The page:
Through a set of simulations, the following results are obtained. (1) Supply potential of energy crops produced from surplus arable land will be available in North America, Western Europe, Oceania, Latin America, former USSR and Eastern Europe. However, the potential of energy crops will be strongly affected by the variation of parameters of food supply and demand such as animal food demand. (2) Bioenergy supply potential of biomass residues will be stable against a change of a food demand parameter. The ultimate bioenergy supply potential of biomass residues will be 265 EJ/year in the world in 2100. The practical potential of biomass residues in the world will be 114 EJ/year, which is equivalent to one-third of the commercial energy consumption in the world in 1990. (3) Concerning land uses, the global mature forest area will decrease by 24% between 1990 and 2100, because of growth of both population and wood biomass demand per capita in the developing regions. The mature forest, especially, will disappear by 2100 in some developing regions, such as Centrally Planned Asia, Middle East and North Africa, and South Asia.” Hiromi Yamamoto, Junichi Fujino and Kenji Yamaji, Biomass and Bioenergy, Volume 21, Issue 3, March 2001, Pages 185-203, doi:10.1016/S0961-9534(01)00025-3. [Full text]
The land cover and carbon cycle consequences of large-scale utilizations of biomass as an energy source – Leemans et al. (1996) “The use of modern biomass for energy generation has been considered in many studies as a possible measure for reducing or stabilizing global carbon dioxide (CO2) emissions. In this paper we assess the impacts of large-scale global utilization of biomass on regional and grid scale land cover, greenhouse gas emissions, and carbon cycle. We have implemented in the global environmental change model IMAGE the LESS biomass intensive scenario, which was developed for the Second Assessment Report of IPCC. This scenario illustrates the potential for reducing energy related emission by different sets of fuel mixes and a higher energy efficiency. Our analysis especially covers different consequences involved with such modern biomass scenarios. We emphasize influences of CO2 concentrations and climate change on biomass crop yield, land use, competition between food and biomass crops, and the different interregional trade patterns for modern biomass based energy. Our simulations show that the original LESS scenario is rather optimistic on the land requirements for large-scale biomass plantations. Our simulations show that 797 Mha is required while the original LESS scenario is based on 550 Mha. Such expansion of agricultural land will influence deforestation patterns and have significant consequenses for environmental issues, such as biodiversity. Altering modern biomass requirements and the locations where they are grown in the scenario shows that the outcome is sensitive for regional emissions and feedbacks in the C cycle and that competition between food and modern biomass can be significant. We conclude that the cultivation of large quantities of modern biomass is feasible, but that its effectiveness to reduce emissions of greenhouse gases has to be evaluated in combination with many other environmental land use and socio-economic factors.” Rik Leemans, André van Amstel, Coos Battjes, Eric Kreileman and Sander Toet, Global Environmental Change, Volume 6, Issue 4, September 1996, Pages 335-357, doi:10.1016/S0959-3780(96)00028-3.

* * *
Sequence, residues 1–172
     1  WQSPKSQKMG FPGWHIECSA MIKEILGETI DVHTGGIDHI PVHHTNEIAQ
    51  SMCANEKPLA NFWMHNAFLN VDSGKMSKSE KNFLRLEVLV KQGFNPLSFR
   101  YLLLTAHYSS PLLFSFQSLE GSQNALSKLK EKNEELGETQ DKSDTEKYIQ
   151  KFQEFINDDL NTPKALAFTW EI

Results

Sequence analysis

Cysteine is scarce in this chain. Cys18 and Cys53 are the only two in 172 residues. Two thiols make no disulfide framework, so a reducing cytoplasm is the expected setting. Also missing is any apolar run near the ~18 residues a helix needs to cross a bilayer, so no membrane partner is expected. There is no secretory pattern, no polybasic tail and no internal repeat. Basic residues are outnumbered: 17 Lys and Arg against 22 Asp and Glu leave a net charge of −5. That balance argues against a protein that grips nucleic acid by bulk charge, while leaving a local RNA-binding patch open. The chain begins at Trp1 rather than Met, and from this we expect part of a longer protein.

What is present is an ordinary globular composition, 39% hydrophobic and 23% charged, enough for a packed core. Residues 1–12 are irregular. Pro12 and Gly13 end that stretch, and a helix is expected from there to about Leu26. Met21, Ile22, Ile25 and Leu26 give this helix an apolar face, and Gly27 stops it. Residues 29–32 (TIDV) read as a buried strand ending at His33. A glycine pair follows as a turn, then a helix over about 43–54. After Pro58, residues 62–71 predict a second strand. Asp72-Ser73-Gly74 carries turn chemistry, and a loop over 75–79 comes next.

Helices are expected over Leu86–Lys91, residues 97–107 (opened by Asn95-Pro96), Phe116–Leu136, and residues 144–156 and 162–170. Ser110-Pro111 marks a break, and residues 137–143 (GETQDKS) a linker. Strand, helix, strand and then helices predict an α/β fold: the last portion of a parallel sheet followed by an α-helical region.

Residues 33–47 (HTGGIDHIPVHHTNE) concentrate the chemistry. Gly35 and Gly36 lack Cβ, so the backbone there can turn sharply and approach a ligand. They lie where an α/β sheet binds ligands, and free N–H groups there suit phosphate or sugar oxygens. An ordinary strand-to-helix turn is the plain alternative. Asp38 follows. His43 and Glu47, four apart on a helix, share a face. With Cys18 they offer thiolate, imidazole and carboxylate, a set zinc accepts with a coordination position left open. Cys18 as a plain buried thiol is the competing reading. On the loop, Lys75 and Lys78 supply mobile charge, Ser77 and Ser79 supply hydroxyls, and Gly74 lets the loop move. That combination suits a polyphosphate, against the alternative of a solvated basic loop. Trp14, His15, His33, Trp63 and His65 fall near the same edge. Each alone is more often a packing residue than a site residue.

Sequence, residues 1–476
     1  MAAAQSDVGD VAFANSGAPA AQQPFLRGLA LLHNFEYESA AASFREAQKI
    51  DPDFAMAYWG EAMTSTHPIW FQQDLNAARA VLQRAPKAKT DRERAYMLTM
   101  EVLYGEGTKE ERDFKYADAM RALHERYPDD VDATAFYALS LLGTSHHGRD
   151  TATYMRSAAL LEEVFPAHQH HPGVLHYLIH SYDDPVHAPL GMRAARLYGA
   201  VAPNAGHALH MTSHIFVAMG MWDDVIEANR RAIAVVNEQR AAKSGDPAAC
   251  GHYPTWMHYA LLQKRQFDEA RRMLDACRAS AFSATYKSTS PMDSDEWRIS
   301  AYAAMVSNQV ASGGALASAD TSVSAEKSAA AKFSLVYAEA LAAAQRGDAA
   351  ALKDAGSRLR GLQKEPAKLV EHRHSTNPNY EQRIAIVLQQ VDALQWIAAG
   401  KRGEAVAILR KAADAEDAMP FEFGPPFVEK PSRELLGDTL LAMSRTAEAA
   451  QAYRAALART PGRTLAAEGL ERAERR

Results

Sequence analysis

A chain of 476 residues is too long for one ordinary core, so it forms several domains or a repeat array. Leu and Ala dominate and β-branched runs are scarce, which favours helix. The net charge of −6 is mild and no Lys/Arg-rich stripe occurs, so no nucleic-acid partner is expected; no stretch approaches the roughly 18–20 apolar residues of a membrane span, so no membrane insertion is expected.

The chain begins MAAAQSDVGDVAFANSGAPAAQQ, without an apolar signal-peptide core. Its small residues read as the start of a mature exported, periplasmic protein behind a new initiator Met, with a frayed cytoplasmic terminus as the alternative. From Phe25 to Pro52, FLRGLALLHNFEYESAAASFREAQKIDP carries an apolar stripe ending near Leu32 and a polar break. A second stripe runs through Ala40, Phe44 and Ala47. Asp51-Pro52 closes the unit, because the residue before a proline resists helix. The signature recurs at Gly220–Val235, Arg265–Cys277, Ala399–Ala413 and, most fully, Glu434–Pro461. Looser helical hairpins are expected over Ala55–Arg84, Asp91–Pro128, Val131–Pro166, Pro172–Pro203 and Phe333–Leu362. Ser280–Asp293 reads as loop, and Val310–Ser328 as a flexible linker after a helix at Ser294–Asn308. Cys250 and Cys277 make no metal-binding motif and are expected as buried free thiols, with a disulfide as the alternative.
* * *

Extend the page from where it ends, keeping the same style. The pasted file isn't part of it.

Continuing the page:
World potential of renewable energies. Actually accessible in the nineties and environmental impact analysis. – Dessus et al. (1992) “Large scale application of renewable energies is a major challenge for sustainable development and greenhouse gas emission control. Theoretical potential of those various energies may seem unlimited. In fact a reasonable evaluation taking into account economically available technologies and local considerations make it possible to define annual energy amounts relevant for each technology. Diversely distributed around the world but nowhere missing, renewable energies have an important annual potential since the nineties. They could indeed contribute to some 40% of the nowadays world energy consumption, mainly from wood, waste and hydro, but also from solar and wind energy.” Dessus, B, Devin, B, Pharabod, F, Houille blanche. Grenoble [HOUILLE BLANCHE.]. no. 1, pp. 21-70. 1992.